Family Vacation: Sorry But My Girls Are Staying Far Away From Those Horrid Kids’ Clubs
It seemed, on paper, to be exactly the kind of holiday weâ€™d been waiting for after two long, stressful years: a week idling under the sun at an all-inclusive resort with four pools, six restaurants and â€“ key drumroll â€“ a kidsâ€™ club. That last feature weâ€™d never had the pleasure of acquainting ourselves with in our nearly five years traveling with children, and it was just what the doctor ordered.
We spent the subsequent weeks prior to departure fantasizing about what weâ€™d do with those couple of hours each day, once weâ€™d packed a beach bag for our daughters and dropped them off with the gung-ho, formally trained staff we imagined would be awaiting them at the gates, behind which we imagined boisterous children playing volleyball or horseshoes or tag and making lifelong friends. Tipsy lunches! Siestas by the pool! Uninterrupted sex! Oh kids club, I thought, where have you been all my (parenting) life?
On day two of our vacation, my husband popped the question: Why donâ€™t we book in the kids for the clubâ€™s evening session and have a quiet dinner, just the two of us? I couldnâ€™t have said it better myself.
That evening at 6, with the blessing of our eldest, we headed over to the club. Reader, it took me all of 60 seconds to alert my other half that weâ€™d be four for dinner after all. Maybe it was the miserable six-year-old girl dressed up as if for a gala but instead cowering at a corner table tracing a photocopy with dull colored pencils. Or the old retired housekeepers shuffling around, trying to suppress their yawns. Maybe it was the sad kiddie buffet, or the obscure, stuffy location, or the gang of boys shouting at the Sega screen in the corner. I gave my apologies, found the girlsâ€™ shoes, grabbed them and ran for the door.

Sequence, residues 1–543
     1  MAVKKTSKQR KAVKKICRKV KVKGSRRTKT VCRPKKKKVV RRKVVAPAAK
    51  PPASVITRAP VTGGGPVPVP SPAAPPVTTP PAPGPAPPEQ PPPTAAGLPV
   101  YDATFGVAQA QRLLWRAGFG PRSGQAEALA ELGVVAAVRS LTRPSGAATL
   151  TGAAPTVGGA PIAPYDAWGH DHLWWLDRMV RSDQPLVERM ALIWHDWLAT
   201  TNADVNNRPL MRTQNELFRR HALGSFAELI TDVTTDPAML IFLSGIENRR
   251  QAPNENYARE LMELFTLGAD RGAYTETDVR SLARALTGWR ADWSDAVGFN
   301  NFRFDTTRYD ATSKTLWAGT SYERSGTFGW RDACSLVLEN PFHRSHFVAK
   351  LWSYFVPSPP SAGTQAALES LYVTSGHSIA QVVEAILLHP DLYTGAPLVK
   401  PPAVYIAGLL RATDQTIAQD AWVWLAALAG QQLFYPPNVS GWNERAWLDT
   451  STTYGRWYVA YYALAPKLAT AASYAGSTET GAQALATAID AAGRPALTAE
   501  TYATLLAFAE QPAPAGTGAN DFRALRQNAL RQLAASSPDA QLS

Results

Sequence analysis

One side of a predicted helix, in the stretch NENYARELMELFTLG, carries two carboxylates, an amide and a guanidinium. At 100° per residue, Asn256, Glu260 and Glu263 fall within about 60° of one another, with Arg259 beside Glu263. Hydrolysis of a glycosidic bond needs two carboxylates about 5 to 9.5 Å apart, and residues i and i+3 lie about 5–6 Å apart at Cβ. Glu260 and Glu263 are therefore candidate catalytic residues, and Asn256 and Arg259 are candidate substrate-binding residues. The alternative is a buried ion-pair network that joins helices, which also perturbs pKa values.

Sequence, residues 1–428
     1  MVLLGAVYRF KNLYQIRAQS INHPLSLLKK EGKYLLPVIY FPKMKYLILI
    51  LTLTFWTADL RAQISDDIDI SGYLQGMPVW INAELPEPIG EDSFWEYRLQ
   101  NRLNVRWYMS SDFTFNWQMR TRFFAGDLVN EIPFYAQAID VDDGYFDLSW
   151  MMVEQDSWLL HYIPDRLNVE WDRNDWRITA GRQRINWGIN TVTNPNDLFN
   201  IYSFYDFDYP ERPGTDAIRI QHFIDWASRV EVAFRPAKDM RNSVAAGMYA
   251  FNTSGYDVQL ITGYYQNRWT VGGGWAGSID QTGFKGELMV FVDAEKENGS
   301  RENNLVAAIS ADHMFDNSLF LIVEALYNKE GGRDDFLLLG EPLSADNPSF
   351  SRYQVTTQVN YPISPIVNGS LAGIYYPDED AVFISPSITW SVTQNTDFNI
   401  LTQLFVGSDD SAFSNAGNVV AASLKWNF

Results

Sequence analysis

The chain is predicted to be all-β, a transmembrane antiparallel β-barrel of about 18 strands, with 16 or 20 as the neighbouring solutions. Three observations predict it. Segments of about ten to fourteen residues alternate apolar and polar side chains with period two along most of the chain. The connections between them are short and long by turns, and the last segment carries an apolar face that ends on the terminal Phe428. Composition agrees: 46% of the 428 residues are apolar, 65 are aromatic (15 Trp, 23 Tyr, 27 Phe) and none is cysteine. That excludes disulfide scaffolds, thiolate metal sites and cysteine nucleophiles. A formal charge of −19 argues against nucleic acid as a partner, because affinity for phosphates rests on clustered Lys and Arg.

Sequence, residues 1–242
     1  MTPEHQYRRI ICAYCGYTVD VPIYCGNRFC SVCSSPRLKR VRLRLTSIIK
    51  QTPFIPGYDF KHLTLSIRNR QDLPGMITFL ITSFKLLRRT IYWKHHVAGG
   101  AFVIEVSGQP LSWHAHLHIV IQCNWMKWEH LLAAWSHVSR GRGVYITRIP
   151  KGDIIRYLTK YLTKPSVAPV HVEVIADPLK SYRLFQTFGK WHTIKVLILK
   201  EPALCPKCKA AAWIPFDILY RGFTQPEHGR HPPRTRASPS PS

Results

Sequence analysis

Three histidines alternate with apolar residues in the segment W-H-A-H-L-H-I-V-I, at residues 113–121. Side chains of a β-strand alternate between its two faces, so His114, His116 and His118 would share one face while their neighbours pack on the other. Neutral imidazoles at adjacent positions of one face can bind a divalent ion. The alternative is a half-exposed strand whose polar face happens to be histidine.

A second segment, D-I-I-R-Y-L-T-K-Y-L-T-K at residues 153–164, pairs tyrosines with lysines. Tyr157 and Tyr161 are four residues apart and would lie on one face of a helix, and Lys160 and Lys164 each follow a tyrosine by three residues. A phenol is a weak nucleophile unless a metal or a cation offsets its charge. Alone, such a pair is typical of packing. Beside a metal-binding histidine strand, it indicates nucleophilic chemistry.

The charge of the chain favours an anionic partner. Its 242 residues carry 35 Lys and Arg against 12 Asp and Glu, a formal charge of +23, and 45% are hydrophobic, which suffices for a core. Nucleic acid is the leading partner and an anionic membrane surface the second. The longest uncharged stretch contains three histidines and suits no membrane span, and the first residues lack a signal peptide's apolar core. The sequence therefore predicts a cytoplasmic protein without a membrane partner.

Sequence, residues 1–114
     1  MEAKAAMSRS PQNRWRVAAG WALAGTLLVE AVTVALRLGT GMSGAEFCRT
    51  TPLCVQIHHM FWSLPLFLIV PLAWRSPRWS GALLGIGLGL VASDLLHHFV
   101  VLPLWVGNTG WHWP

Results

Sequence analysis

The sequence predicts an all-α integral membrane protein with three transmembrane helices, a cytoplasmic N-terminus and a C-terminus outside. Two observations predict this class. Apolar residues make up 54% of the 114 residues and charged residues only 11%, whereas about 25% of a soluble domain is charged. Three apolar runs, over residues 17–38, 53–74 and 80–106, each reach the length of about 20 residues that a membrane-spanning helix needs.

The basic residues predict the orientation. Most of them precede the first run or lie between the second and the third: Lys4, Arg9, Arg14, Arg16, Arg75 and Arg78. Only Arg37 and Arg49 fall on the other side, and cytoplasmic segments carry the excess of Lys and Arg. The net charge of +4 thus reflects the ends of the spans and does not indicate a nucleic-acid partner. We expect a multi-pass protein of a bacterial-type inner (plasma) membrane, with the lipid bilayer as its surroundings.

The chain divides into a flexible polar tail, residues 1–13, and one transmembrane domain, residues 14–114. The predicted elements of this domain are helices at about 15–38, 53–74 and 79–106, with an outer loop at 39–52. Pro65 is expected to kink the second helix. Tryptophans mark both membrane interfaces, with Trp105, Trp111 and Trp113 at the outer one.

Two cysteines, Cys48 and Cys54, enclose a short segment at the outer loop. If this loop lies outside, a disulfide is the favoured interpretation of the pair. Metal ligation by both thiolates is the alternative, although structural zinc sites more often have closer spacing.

Did I regret it? Maybe if Iâ€™d asked myself that at dinner, between the appetizers and the mains, I would have said yes as I passed over an iPhone to appease my antsy daughters. Perhaps if there were more hours in the day, we could have found a few to try playing the kidsâ€™ club card. Indeed we did give it another shot. The girls braved that dank room for 90 minutes one sunny afternoon, and when we collected them, they told us that none of the other girls would play with them, because they werenâ€™t the same age. Since that day Iâ€™ve been staunchly anti-kidsâ€™ club.
It starts with the phrase â€œfamily vacation.â€ Weâ€™d committed to it. We spent a fortune on flights to an exotic location and dragged our homebody children there with the unspoken promise that weâ€™d guide them through it. Sure there were times when they would probably have been happier playing Sega in a room full of children than at the terrace restaurant being shushed at every squeal. My feeling is they can do that when they get home to sub-zero temperatures and dwindling daylight. And anyway, my kids have enough social interaction to negotiate in their lives, between school, lessons and play dates, without having to deal with the mini society in a kids club.
I have plenty of friends who would disagree, friends who take great pains to foster independence in their children, choosing to socialize them in kid-friendly situations rather than drag them along with the adults, who send their children to sports clubs and camps while the adults get that all-important quality couple time. I guess Iâ€™m just one of those neurotics who feel a weight when theyâ€™re enjoying themselves without their brood.
So here I am, home at last, slightly tanned and exhausted. They wore us out, those two, between the swimming and the shushing, the trips to the toilet and the hours frying our backs among the sandcastles. Not that Iâ€™m complaining; itâ€™s a good problem to have. But really, couldnâ€™t there be a better way?